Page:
“You really have to constantly think about why I am doing this,” he says. “I always tell my volunteers… ‘There are days when things are not working out.’ Like this morning. I didn’t want to do this because I was so physically exhausted from last night. I needed at least two more hours of sleep.”
Over the last two decades, the US government spent approximately $145 billion to rebuild Afghanistan and to bolster its army and security forces. (A large sum, to be sure, but one dwarfed by the $837 billion spent solely on warfighting efforts.) Despite the billions of dollars spent to stabilize a nation the US had invaded, thousands of people died, including 2,443 American troops and more than 48,000 Afghan civilians, according to the Special Inspector General for Afghanistan Reconstruction.
Toward the end of the US’s withdrawal from Afghanistan, Kabul fell back into Taliban control. The war in Afghanistan ended just as it had been carried out for over 20 years: a lot of money was spent and very little was achieved. The same could be said about resettlement.
As thousands of Afghans boarded flights to America last August, President Biden delivered a speech marking the end of the war. He promised to do right by interpreters, engineers, and other allies, welcoming them into the US with gratitude for their service to the American cause. In this, Biden was not without clear precedent — in 1975, Gerald Ford led similar efforts after the fall of Saigon, passing legislation that allowed 130,000 refugees from Vietnam, Laos, and Cambodia to resettle in the US.
“The United States will be a leader in these efforts and will look to the international community and to our partners to do the same,” Biden said during an August briefing. “The United States will do our part. And we are already working closely with refugee organizations to rebuild a system that was purposefully destroyed by my predecessor.”
When they first arrived, most Afghan refugees were processed at US military bases across the country. There, they found their first instance of temporary housing. But, despite being refitted with plastic curtains and makeshift beds, military bases were never meant to house refugees. Staying on the bases would not have been a solution. Sources detailed horrifying conditions on the bases, from reports of sexual assault to children playing in dirt. Bases in Virginia and Wisconsin reported measles outbreaks.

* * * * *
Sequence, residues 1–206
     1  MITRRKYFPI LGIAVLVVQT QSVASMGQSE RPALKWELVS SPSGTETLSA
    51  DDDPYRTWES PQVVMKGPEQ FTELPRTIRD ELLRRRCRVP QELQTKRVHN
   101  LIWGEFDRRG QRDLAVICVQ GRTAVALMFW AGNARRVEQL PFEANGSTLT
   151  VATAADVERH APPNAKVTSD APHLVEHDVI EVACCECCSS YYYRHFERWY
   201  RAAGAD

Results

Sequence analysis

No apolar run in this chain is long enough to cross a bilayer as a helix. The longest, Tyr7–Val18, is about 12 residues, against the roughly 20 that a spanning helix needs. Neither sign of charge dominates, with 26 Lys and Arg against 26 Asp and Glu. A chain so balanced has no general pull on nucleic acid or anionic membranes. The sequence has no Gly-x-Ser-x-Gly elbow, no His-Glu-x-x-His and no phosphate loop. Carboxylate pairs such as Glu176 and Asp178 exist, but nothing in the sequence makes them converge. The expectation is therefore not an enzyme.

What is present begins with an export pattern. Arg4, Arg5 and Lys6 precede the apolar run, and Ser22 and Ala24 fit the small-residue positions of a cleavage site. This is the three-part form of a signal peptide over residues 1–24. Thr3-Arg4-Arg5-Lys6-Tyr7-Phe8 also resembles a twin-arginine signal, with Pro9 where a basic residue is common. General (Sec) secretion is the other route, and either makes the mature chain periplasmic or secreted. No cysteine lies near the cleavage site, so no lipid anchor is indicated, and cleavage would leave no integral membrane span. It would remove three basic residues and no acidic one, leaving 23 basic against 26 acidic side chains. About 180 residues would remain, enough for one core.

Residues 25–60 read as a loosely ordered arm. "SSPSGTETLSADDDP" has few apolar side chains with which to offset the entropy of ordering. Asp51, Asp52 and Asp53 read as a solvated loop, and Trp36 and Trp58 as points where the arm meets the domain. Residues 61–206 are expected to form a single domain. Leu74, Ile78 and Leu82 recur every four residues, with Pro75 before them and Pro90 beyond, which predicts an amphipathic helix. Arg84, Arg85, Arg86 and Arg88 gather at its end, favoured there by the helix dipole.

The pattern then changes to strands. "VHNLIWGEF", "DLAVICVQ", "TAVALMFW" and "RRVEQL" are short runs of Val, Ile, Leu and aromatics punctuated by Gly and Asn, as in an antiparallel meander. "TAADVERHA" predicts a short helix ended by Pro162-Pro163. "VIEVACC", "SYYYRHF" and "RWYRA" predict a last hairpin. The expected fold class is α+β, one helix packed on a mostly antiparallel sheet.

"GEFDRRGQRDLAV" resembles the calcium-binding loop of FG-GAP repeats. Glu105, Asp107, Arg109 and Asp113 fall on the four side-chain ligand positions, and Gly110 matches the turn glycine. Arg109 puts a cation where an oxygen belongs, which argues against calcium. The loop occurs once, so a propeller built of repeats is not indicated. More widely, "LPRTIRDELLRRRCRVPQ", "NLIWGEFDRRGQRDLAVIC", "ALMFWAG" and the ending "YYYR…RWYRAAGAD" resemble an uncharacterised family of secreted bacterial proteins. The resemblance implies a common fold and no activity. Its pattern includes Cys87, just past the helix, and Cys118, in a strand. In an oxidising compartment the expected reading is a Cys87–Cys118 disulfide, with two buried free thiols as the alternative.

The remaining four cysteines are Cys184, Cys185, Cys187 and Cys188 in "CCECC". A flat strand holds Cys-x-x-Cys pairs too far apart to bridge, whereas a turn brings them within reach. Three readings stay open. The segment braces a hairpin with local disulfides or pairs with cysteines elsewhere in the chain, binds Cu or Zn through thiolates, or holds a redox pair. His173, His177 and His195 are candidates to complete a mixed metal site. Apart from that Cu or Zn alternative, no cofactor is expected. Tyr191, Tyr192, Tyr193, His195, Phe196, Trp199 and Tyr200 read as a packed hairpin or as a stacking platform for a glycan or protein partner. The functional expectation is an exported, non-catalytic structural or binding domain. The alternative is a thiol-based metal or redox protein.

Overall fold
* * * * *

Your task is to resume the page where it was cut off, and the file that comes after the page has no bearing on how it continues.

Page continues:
“My first family, I took in two little girls for malnutrition. Two girls, they were not able to eat solid food. That’s how, like, skeleton bones they became,” Siddiqui tells me. “If they made the conditions at least somewhat livable, people would not leave this easily.”
Some refugees make the difficult decision to leave the bases before they’re fully processed, according to an October Reuters report. As humanitarian parolees, these refugees can leave whenever they want. But, if they leave before they are processed, they forfeit many of the benefits they would otherwise receive.
Once unprocessed refugees arrive at their destinations with their own means, they can ask for help from local resettlement agencies, but they are often put on a wait list, and many are unable to receive aid — left in limbo without financial assistance or permanent housing for weeks and sometimes months at a time.
“One of the things our foundation’s concerned with is, like, in three to four months’ time, there’s going to be a crisis of homelessness,” says Joseph M. Azam, board chair at the Afghan-American Foundation and a member of Welcome.US, the government’s national welcome council. His concerns echoed those expressed to me by Salah Elbakri when we passed by the encampment in Alameda.
In similar counties like Santa Clara and Contra Costa, homelessness has risen anywhere from 3 to 35 percent since 2019, according to recent census data released in May. With an explosion of tent encampments, it has also become more visible. “This is a humanitarian crisis,” Oakland Mayor Libby Schaaf said of the homelessness in her city. With the influx of refugees, two humanitarian crises are poised to collide.